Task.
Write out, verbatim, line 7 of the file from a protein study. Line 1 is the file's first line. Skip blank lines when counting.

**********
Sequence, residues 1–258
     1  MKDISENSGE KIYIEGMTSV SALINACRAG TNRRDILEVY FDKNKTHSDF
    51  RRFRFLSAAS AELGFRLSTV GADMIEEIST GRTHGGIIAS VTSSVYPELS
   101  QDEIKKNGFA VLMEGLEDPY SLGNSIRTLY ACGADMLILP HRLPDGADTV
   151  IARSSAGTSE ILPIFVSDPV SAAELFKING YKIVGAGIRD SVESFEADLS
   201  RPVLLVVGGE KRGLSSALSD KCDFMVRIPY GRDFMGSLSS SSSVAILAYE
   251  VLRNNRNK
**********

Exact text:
   251  VLRNNRNK